Economic growth in Southeast Asia has bought jobs and increased state revenues, but also wrought labour rights violations, community dispossession of land and natural resources, and environmental degradation. Carl Middleton argues that economic reform starts with greater Corporate Accountability, including across borders.
Questions are being raised about the complicity of Thailand’s state-run power utility – EGAT under the Ministry of Energy – in serious human rights violations in the building of the massive US$10 billion Mong Ton (formerly called the Tasang) dam in the Upper Salween River in Myanmar.
Cambodia’s garment industry is replete with stories of mistreatment of workers, inadequate wages and exploitation. An all-woman band calling itself “The Messenger Band” compose and perform their own lyrics and music to share personal stories of affected workers and bring people together to end worker exploitation.
From ensuring access to natural resources to protection against exposure to health-damaging pollution, a clean and healthy environment and the fulfillment of human rights cannot be separated. In this Commons Comment, Carl Middleton and Aadi Samarkand argue that while there is a long way to go to in recognizing the right to a healthy environment in Southeast Asia, some windows of opportunity exist.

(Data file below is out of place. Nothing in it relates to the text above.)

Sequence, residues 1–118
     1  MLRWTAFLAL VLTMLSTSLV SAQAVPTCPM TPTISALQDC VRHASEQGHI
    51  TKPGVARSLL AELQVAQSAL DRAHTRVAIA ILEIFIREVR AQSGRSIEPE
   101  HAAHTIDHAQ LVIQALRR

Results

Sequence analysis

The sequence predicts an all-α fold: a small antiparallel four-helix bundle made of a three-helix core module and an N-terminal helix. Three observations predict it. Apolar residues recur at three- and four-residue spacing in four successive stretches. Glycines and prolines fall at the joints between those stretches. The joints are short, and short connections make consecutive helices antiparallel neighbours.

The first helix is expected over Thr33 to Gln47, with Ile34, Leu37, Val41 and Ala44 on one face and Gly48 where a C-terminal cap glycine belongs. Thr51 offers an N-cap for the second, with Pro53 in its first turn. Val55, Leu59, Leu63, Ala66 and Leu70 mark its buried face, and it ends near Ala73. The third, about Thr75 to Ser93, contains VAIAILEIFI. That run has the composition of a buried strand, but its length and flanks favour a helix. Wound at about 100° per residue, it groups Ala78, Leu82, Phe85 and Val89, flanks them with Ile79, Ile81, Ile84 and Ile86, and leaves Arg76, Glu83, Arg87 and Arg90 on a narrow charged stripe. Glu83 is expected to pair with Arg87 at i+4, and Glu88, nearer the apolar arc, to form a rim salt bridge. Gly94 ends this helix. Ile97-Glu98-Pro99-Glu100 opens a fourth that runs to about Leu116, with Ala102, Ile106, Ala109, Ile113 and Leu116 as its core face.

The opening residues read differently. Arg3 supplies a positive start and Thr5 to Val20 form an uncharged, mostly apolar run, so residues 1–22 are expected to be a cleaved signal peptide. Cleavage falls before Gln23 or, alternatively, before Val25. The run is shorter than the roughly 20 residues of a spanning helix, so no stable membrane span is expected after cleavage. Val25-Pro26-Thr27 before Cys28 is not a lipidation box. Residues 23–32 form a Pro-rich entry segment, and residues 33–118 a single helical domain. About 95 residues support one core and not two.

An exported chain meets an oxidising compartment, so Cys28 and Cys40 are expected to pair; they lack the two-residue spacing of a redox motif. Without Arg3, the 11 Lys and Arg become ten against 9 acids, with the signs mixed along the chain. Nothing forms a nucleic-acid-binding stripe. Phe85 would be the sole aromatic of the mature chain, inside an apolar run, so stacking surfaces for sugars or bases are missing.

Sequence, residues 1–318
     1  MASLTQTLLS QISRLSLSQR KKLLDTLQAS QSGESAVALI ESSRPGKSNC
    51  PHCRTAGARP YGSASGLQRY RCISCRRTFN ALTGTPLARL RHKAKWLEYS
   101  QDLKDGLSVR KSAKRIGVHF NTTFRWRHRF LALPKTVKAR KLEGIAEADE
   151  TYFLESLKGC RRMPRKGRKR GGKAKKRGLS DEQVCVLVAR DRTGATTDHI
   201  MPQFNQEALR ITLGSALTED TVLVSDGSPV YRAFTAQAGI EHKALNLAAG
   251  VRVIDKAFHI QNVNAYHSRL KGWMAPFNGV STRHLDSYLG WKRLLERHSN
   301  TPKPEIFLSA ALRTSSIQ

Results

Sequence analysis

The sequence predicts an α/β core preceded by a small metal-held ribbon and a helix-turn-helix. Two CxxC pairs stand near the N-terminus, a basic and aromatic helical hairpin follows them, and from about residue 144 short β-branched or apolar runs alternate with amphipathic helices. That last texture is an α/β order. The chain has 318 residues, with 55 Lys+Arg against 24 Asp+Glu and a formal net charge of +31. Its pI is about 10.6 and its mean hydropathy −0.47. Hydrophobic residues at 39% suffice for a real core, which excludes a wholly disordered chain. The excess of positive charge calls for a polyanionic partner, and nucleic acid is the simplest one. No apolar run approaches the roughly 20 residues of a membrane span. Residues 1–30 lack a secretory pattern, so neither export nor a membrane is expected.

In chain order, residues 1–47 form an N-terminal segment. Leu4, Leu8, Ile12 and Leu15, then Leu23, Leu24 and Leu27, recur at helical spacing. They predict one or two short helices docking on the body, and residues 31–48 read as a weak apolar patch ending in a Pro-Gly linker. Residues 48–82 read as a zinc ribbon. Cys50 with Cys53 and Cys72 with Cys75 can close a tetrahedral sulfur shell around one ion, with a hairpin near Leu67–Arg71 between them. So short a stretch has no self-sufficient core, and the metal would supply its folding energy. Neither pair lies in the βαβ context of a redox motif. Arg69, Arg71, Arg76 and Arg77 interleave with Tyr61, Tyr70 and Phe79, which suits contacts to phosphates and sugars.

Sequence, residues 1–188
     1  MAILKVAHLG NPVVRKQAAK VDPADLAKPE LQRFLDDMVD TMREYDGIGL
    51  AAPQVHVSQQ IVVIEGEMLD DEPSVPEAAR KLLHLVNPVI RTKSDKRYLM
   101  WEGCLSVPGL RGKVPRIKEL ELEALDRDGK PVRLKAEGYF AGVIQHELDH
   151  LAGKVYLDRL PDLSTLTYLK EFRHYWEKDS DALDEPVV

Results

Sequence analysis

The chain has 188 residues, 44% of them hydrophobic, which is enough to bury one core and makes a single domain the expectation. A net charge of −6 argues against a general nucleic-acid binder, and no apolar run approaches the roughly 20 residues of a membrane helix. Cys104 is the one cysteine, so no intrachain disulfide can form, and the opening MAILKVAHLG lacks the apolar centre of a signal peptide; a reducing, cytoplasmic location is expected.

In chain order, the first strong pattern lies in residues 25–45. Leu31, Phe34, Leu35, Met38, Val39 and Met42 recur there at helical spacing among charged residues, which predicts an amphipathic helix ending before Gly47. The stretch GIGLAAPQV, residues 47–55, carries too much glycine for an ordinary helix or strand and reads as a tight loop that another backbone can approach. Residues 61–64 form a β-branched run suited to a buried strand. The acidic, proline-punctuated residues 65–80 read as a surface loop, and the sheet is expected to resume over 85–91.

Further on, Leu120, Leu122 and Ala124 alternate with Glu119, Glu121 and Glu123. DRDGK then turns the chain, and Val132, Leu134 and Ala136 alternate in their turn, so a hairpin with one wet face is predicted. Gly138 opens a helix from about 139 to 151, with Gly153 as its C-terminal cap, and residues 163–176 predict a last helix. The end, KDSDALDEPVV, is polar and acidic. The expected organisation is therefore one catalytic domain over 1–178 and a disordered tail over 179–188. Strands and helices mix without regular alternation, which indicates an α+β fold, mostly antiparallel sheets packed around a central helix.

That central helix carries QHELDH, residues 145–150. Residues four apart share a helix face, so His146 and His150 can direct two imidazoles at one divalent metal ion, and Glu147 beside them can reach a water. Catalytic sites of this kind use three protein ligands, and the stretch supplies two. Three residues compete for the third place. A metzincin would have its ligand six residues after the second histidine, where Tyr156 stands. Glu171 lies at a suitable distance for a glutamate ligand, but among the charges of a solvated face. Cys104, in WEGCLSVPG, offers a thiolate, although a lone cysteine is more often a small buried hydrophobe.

Sor.Rattanamanee Polkla is a public interest lawyer, and co-founder of the Community Resources Centre based in Bangkok. In this article, she talks with Carl Middleton about how public interest lawyers in Thailand work to enforce and reform the law in the interest of the public, case by case.
The community living around Boeung Kak Lake in Phnom Penh, Cambodia have been fighting eviction by developers who wish to fill up the lake and turn it into a luxury urban development. This article outlines how members of the community took on the powerful World Bank and eventually put a stop to the eviction.
The ASEAN Economic Community (AEC), to be launched in 2015, aims to create a single market and production base. Dorothy Guerrero examines whether this advances socio-economic development in the ASEAN region, or results in damage to people’s general well-being, human rights and environmental security.